I understand Daniel’s position, but the average reader doesn’t know that the staff member married to an EA rep doesn’t review EA products, and they can’t know it unless it’s disclosed. It reminds me of Gearbox Software’s Anthony Burch stating that those in #GamerGate didn’t piece together that he had received positive coverage from his friends at Destructoid for Borderlands 2 DLC, when in fact no one knew that his friends were reviewing the products in the first place.
I reached out to AusGamers as well as former editor of Games Arena, Joab Gilroy (who was noted by the Reddit poster as having close ties with the editors at AusGamers) for further clarification and comment on the matter. At the time of the publishing of this article I haven’t received a response , but an update will be provided if/when they decide to issue a statement.
[Note: A quote from Stephen Farrelly was provided to further clarify AusGamers’ stance on this situation]
The poster goes on to state that…
“During my tenure at a large publisher, our community forum was hacked, and the information of over 40,000 members (including names, and email addresses) was downloaded and stolen. The publisher suppressed this information. When my contract had expired I approached a writer about this, and he declined to publish the story because he was close friends with people who work at this publisher and the publisher’s local office.”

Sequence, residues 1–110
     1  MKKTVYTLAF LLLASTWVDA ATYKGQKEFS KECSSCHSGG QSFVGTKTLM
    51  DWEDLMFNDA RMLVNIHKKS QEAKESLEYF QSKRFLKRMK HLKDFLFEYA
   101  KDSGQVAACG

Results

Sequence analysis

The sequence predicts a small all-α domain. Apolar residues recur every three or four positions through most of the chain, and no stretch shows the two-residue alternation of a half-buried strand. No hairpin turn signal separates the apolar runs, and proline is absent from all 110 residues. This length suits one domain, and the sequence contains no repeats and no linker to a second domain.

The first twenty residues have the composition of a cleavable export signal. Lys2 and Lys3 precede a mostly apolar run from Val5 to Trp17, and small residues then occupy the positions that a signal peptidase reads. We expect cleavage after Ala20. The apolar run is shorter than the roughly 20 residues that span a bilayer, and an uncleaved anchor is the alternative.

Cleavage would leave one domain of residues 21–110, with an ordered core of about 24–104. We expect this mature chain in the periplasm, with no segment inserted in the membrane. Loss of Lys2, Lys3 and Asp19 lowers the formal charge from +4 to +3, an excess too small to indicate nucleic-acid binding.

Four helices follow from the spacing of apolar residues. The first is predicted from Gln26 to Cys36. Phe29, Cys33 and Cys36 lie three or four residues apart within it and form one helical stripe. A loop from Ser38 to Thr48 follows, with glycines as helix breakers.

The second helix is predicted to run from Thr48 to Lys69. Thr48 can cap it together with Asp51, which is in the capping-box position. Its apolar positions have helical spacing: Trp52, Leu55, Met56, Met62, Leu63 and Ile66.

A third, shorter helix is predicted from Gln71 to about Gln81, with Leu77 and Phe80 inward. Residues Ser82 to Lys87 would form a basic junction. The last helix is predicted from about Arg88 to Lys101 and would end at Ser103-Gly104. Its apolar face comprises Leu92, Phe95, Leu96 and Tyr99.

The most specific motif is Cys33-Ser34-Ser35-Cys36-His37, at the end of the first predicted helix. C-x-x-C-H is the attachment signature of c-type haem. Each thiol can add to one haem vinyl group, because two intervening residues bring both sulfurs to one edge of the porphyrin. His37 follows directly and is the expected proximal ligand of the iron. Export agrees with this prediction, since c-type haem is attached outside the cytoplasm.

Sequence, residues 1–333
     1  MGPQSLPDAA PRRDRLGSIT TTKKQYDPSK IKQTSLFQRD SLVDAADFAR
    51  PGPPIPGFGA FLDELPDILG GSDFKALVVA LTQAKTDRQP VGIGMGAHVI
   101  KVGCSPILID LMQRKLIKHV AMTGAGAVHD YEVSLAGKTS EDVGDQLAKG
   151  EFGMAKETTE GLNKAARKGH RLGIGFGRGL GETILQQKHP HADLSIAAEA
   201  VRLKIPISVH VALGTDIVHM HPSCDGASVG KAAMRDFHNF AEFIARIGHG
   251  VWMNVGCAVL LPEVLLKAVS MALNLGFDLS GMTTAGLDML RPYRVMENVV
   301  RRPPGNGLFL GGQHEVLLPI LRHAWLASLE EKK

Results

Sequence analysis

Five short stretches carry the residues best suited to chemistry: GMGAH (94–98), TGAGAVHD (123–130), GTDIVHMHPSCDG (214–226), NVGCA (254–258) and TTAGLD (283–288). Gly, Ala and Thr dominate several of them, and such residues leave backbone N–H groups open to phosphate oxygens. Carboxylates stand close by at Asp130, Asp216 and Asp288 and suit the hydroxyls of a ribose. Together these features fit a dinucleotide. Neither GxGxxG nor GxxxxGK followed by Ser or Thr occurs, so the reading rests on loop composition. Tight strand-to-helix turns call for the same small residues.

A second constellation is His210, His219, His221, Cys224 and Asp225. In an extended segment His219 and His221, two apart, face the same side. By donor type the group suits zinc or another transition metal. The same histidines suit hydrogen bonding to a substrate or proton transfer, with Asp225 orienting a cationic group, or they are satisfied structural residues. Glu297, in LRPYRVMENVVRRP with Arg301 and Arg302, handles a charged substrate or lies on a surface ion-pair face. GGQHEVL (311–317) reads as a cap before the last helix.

Unfortunately there’s no way to verify this data since the forum name was not disclosed, nor was the publisher named. This is a very serious offense if true. Companies here in America are required to disclose when a security breach occurs and user data is put at risk, as noted in an article by Bloomberg News.
Depending on the data acquired and whether or not the publisher’s forum or business had ties to any kind of operating station out of America, it could be a pretty serious crime. Unfortunately, the former journalist fails to expound on the matter beyond that.
Out of all the information listed in the post, this seemed to be the most egregious of crimes, but it deserves a lot more attention than a passing mention. But again, without specifics it’s just vapor trails.
Additionally, it’s stated by the poster that …
“Writers and content creators in the local industry regularly accept gifts valued in the hundreds, and flights internationally (including accommodation), but never disclose their non-professional relationships, despite them obviously gaining them the “perks” they now receive.
“[…]the Editor of Game Planet is also involved and has close personal ties with industry-website MCV Pacific, for which he has written an article, and has a close personal investment in, being close friends with the Editor of MCV Pacific.”